Abstract: Rational choice models argue that income inequality leads to a higher expected utility of crime and thus generates incentives to engage in illegal activities. Yet, the results of empirical studies do not provide strong support for this theory; in fact, Neumayer provides apparently strong evidence that income inequality is not a significant determinant of violent property crime rates when a representative sample is used and country specific fixed effects are controlled for. An important limitation of this and other empirical studies on the subject is that they only consider proportional income differences, even though in rational choice models absolute difference in legal and illegal incomes determine the expected utility of crime. Using the same methodology and data as Neumayer, but using absolute inequality measures rather than proportional ones, this paper finds that absolute income inequality is a statistically significant determinant of robbery and violent theft rates. This result is robust to changes in sample size and to different absolute inequality measures, which not only implies that inequality is an important correlate of violent property crime rates but also suggests that absolute measures are preferable when the impact of inequality on property crime is studied.
    Keywords: Violent Crime; Property Crime; Income Inequality, Absolute Inequality
    JEL: D31 D63 K42
    Date: 2016–08–22
  5. By: Acheson, Graeme G.; Campbell, Gareth; Turner, John D.
    Abstract: This paper examines the origins of investor protection under the common law by analysing the development of shareholder protection in Victorian Britain, the home of the common law. In this era, very little was codified, with corporate law simply suggesting a default template of rules. Ultimately, the matter of protection was one for the corporation and its shareholders. Using c. 500 articles of association and ownership records of publicly-traded Victorian corporations, we find that corporations afforded investors with just as much protection as is present in modern corporate law and that firms with better shareholder protection had more diffuse ownership.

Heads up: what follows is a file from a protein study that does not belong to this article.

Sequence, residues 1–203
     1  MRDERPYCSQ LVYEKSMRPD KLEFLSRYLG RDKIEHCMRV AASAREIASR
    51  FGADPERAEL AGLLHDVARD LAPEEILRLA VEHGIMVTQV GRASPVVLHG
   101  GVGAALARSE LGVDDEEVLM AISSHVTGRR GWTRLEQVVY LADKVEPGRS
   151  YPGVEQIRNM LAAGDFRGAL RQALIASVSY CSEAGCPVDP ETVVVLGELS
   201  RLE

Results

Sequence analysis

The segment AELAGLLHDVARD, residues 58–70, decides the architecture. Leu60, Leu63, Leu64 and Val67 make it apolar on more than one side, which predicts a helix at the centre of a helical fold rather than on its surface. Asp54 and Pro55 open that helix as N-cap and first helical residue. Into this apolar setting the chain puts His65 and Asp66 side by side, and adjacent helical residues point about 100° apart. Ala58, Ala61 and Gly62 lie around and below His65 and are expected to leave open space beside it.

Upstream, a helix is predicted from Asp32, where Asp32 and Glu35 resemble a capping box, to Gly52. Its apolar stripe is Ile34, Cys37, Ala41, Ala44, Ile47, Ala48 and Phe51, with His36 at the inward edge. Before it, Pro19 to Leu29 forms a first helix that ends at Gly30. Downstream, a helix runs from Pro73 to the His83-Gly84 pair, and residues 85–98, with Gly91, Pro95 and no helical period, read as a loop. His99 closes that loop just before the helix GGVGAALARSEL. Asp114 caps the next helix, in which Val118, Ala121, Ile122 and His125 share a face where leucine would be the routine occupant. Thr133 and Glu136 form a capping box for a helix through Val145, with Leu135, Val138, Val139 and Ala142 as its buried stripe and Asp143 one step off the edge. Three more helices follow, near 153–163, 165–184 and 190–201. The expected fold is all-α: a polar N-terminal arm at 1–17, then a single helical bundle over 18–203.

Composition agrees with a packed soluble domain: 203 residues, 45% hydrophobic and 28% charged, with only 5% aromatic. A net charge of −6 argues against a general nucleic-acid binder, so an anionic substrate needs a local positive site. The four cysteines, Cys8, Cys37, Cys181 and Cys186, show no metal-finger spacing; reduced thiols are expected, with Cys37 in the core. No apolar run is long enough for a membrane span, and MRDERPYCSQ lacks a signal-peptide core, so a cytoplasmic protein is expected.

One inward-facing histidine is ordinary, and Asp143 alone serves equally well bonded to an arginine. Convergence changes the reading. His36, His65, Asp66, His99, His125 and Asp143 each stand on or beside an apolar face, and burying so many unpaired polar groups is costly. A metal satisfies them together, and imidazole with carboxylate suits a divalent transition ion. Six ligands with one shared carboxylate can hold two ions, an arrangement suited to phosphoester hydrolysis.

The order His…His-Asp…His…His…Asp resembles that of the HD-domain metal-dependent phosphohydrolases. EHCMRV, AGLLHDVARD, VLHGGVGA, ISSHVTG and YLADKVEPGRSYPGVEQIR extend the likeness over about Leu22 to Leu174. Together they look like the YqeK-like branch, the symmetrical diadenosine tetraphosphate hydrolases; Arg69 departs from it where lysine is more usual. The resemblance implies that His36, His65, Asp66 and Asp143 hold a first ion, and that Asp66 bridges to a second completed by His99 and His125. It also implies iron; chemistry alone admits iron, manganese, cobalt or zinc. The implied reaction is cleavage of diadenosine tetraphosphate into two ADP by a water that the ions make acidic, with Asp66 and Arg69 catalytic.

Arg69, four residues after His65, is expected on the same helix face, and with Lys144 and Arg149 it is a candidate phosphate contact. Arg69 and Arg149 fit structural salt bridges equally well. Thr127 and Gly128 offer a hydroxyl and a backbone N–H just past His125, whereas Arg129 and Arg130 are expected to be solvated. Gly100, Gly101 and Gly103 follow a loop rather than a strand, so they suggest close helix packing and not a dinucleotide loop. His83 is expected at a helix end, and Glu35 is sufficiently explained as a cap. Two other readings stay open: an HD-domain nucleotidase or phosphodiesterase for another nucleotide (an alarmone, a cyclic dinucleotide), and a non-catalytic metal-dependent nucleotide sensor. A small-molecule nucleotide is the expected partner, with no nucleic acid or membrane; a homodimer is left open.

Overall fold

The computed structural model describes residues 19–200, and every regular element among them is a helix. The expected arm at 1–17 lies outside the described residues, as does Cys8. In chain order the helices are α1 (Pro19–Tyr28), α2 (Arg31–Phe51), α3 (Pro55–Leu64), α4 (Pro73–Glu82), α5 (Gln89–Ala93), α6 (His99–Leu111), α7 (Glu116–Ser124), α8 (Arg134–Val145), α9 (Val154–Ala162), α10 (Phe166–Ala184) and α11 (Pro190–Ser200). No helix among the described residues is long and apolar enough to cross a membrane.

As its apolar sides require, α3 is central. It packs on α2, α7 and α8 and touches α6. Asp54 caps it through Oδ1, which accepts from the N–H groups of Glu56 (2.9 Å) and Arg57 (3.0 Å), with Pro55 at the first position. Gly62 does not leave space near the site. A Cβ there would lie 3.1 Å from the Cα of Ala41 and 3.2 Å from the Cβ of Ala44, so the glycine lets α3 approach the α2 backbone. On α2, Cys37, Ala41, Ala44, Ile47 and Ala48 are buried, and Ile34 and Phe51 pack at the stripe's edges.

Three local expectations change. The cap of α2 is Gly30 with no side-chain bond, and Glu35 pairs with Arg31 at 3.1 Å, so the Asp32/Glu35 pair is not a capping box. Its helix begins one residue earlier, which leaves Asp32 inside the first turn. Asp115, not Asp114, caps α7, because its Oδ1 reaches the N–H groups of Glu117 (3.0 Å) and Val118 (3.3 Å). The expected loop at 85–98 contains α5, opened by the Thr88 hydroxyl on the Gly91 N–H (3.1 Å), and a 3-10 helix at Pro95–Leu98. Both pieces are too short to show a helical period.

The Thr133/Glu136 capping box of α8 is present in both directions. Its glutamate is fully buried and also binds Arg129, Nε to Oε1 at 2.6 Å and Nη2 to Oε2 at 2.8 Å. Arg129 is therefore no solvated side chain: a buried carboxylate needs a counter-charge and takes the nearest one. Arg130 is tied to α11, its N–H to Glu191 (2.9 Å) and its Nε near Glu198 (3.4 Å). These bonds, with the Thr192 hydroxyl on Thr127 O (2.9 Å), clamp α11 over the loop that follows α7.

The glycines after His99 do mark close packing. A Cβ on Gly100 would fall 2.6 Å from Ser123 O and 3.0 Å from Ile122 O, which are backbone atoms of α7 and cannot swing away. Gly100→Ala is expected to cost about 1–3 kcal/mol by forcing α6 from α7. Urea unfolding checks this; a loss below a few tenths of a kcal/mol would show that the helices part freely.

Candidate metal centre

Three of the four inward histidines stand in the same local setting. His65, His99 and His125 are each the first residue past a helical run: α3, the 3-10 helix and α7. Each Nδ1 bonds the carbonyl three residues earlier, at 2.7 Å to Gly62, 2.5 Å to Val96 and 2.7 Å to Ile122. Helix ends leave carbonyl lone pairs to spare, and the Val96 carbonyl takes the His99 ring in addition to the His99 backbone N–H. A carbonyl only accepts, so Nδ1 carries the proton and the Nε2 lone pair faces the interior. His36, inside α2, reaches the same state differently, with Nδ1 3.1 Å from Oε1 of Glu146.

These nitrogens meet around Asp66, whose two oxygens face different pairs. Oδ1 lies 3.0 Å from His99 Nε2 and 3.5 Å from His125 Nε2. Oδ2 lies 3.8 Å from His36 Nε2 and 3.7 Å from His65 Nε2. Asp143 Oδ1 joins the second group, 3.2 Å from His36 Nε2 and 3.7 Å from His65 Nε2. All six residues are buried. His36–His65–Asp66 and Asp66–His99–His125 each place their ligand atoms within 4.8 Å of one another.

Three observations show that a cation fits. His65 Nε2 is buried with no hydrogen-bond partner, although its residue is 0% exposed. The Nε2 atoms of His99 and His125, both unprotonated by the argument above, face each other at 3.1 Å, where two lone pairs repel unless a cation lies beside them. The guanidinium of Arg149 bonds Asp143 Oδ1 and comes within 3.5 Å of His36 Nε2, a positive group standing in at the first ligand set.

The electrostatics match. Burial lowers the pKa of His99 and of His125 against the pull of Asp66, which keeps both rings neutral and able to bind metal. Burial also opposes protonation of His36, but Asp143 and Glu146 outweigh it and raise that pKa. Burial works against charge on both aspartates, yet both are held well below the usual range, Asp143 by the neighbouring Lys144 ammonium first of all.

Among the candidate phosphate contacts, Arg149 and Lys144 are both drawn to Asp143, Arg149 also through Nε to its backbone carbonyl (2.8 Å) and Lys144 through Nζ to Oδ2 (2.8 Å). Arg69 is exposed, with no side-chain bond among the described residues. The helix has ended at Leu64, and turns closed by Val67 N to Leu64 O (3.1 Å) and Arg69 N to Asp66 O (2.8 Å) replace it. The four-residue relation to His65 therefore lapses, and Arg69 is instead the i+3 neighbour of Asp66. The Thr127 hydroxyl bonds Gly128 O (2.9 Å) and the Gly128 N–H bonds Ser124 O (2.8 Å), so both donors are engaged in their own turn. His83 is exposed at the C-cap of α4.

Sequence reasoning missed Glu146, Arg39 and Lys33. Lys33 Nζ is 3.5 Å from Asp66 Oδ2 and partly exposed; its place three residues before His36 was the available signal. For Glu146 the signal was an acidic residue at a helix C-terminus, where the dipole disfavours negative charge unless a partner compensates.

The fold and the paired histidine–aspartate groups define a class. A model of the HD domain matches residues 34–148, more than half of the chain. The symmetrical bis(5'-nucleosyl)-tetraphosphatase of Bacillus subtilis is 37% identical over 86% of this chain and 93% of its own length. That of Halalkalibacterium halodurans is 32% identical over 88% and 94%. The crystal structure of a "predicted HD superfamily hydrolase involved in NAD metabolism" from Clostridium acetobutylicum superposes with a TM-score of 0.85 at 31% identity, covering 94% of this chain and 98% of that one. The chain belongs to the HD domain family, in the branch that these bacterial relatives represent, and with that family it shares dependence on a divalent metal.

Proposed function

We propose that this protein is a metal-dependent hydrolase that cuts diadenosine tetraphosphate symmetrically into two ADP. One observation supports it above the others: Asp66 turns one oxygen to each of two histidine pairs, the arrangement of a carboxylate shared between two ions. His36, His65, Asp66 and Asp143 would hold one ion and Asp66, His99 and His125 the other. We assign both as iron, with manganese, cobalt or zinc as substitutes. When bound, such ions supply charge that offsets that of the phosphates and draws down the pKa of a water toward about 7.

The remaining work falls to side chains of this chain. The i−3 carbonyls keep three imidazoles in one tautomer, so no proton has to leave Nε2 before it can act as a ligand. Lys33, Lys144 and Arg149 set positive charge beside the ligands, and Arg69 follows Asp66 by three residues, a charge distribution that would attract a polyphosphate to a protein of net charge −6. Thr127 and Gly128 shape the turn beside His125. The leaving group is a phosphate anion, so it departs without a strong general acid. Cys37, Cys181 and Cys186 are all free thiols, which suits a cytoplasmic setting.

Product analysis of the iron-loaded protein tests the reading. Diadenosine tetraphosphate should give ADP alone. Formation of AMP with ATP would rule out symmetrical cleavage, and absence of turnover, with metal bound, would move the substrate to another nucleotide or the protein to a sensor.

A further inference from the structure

Keywords: law and finance,ADRI,shareholder protection,corporate ownership,common law
    JEL: G32 G34 G38 K22 N23 N43 N83
    Date: 2016
  6. By: Porzecanski, Arturo C.
    Abstract: The voluminous and protracted litigation and arbitration saga featuring the Republic of Argentina (mostly as defendant or respondent, respectively) established important legal and arbitral precedents, as illustrated by three cases involving Argentina which were appealed all the way up to the U.S. Supreme Court and were settled in 2014. At first glance, the scale of Argentina-related litigation activity might be explained by the sheer size of the government’s 2001 default, the world’s largest-ever up to that point. However, its true origins were the unusually coercive, aggressive way that the authorities in that country went about defaulting on, and restructuring, their sovereign debt obligations, as well as the radical, seemingly irreversible changes to the “rules of the game” affecting foreign strategic investors, which broke binding commitments prior governments had made in multiple bilateral investment treaties.